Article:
Arizona – They were in a tight spot with Javier Vazquez, but got good value in return. Chris Young should be a keeper, even if he’s a couple years away. They got a decent reliever in Luis Vizcaino, too. I don’t think that Orlando Hernandez will help much, though. But trading two young pitchers for the very ordinary Johnny Estrada wasn’t a smart move. Grade: C+

Atlanta – Liked the Estrada trade for them; Oscar Villareal has a chance to be a contributor, and Estrada was nothing special behind the plate, but the Edgar Renteria swap will hurt. The Braves are paying roughly 60% of the remainder of his deal, which takes him from “outrageously overpriced” to merely “overpriced”. The cult of personality that surrounds Renteria is amazing. His defense was atrocious last year, and I refuse to believe that it’s entirely the Boston media’s fault. Plus, he’s not the hitter conventional wisdom seems to think. People think he merely struggled the last two years, when in fact his career stats are pretty darn close to what he did the last two seasons, and given his supposed age of 30 (I’ve always believed Renteria’s older than that, though I freely admit I have no proof to back that up), it’s not likely that he’s going to suddenly get better. For this, they gave up a top 10 prospect in Andy Marte. They’ve also lost Kyle Farnsworth, Julio Franco and Rafael Furcal, and aside from the shaky Renteria trade, haven’t done much to replace them. Meanwhile, their chief rivals, the Mets, have advanced leaps and bounds. Grade: D-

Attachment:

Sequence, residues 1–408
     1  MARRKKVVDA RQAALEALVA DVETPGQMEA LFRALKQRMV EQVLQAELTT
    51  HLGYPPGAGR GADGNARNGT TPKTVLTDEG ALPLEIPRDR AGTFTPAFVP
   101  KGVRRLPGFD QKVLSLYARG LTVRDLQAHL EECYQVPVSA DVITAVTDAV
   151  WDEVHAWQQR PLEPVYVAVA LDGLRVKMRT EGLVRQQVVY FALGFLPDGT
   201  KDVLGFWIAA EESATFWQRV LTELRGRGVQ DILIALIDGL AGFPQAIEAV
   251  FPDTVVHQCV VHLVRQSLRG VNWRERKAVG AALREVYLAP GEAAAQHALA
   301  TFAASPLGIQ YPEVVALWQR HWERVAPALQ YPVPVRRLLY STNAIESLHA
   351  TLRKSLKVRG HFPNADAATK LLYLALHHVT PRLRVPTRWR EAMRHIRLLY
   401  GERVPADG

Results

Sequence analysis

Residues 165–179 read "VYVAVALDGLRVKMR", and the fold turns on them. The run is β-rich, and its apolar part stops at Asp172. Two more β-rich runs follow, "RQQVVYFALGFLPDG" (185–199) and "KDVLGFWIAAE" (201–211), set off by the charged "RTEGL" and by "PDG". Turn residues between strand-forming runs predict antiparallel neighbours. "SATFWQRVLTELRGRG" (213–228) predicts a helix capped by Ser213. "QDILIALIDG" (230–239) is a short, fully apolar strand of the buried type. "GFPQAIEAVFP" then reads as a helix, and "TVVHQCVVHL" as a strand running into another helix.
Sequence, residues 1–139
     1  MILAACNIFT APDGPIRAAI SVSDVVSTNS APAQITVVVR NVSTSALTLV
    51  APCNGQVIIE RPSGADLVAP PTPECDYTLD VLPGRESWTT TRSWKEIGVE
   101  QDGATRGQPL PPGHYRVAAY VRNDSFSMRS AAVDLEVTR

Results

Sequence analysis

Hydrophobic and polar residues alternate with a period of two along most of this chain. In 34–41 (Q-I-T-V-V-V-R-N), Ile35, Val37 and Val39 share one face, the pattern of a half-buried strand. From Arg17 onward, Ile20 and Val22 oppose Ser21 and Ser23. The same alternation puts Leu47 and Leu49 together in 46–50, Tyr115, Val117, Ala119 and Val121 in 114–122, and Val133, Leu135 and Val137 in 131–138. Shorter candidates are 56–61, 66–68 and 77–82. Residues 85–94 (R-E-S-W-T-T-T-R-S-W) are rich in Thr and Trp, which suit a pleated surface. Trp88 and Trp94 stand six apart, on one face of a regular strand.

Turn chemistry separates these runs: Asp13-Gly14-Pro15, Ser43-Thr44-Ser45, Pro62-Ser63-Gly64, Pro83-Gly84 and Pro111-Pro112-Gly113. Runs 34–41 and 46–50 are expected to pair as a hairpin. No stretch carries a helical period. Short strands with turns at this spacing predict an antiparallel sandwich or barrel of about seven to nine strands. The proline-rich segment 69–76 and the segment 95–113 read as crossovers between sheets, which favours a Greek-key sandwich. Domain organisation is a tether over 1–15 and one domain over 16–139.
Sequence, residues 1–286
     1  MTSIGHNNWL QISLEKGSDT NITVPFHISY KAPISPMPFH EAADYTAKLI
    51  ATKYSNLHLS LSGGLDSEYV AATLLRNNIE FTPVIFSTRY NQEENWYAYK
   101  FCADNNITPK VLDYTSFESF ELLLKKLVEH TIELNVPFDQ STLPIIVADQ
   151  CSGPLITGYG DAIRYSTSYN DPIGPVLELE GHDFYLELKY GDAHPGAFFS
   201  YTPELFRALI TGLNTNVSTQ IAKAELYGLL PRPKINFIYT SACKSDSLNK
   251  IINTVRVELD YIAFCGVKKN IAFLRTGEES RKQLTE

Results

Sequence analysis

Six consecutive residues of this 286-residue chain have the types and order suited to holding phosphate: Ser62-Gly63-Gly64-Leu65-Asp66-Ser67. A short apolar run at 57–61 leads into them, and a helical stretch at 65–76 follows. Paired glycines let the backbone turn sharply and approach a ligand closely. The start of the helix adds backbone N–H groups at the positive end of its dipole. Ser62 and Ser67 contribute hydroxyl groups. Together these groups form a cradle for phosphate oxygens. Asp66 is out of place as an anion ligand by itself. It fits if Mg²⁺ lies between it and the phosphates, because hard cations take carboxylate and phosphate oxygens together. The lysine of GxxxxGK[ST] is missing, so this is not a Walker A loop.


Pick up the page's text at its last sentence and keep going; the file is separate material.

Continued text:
Baltimore – Nice move in getting Ramon Hernandez, who will platoon with Javy Lopez in a C/DH platoon. If that works out, it should keep both guys healthy and playing a full season. Neat “outside the box” thinking. Frankly, I’m surprised more teams don’t try that, although the scarcity of catchers that can actually hit probably forbids it. Letting BJ Ryan walk hurt a lot, though, because this team didn’t have much pitching to begin with. That must be addressed, and there’s not much left on the market to do it. Maybe they can land Kris Benson from the Mets, but for now, they get marked down for it. Couple that with the fact that the Blue Jays are clearly a better team at this point, and the Devil Rays are gaining, and the O’s haven’t done nearly enough. Grade: C-